Originally Posted by Alohajrtennis
This is an area where the world is radically changing, so the Harvard coach may not just be in synch with program yet. There have been enormous progress in technology, and the materials. Most states accredit programs that allow 'home schools' to get a state high school degree, not just a GED, and many offer these programs themselves. Many Ivy league schools actually have huge financial interests in growing this market as they are looking to leverage their brands, content, capabilities to get a piece of it. They do not have a financial interest in disparaging it.
Ten years ago, it would be very difficult for a student to get a home schooled education equal to that of a top flight public school without an enormous commitment of time from the parents, and even then, it would be questionable. Ten years from now, the opposite will be true, and at a fraction of the cost. We are really just in early stages of an education revolution.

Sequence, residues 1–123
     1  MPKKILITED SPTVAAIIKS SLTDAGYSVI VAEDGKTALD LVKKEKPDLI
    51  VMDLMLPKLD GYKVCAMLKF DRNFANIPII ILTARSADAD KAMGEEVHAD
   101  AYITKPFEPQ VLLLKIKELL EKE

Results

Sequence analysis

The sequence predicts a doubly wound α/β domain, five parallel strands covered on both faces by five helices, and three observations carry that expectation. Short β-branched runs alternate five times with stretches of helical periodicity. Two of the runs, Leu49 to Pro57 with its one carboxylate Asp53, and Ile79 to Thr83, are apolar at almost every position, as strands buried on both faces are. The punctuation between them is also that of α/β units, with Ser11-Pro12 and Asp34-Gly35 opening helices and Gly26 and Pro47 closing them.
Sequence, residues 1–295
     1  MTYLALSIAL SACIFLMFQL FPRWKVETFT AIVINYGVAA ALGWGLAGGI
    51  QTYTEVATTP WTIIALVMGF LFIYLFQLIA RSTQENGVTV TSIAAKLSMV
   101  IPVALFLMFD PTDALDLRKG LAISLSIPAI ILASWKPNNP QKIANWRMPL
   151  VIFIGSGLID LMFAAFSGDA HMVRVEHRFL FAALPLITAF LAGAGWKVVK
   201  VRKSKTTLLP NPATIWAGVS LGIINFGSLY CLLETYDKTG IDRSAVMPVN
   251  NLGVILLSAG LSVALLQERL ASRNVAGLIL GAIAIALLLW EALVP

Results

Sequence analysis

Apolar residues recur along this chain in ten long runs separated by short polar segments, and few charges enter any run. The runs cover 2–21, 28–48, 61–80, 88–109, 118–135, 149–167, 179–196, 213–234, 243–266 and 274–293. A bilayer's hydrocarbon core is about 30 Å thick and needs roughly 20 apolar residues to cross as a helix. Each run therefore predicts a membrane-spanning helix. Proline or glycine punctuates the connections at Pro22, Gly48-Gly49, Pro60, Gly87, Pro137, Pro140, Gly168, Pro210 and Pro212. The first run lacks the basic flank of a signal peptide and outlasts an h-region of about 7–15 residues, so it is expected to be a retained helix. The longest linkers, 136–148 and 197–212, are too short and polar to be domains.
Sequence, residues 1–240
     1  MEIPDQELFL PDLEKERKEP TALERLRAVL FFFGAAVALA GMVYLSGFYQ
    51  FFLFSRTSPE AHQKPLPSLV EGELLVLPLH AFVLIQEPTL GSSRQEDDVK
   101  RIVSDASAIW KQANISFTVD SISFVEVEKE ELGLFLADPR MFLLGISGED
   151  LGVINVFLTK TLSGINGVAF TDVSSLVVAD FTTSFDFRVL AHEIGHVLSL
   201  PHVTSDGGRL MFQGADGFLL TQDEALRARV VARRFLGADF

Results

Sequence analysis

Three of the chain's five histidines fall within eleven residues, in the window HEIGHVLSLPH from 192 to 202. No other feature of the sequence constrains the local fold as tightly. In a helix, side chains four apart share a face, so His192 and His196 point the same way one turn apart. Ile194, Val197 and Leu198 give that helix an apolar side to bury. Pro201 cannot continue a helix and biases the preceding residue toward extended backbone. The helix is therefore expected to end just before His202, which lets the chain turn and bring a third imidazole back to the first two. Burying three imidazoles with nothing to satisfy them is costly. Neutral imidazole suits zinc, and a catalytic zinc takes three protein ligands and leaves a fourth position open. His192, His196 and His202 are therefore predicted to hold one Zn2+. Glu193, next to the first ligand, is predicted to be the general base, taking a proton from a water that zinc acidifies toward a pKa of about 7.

Pennsylvania Department of Education actually sponsors a dozen cyber charter schools. It's free.
My son is very advanced in his math. He is taking linear algebra offered by Johns Hopkins on-line in his study hall. He has to email his home work to an actual teacher. He actually spent a couple of hours on his math in hotel room in October, when we were stuck in Atlanta and his school was closed thanks to Sandy. So, with proper adult supervision, our kids should be able to learn most of what a regular school offers, at home. Labs are the only exception though.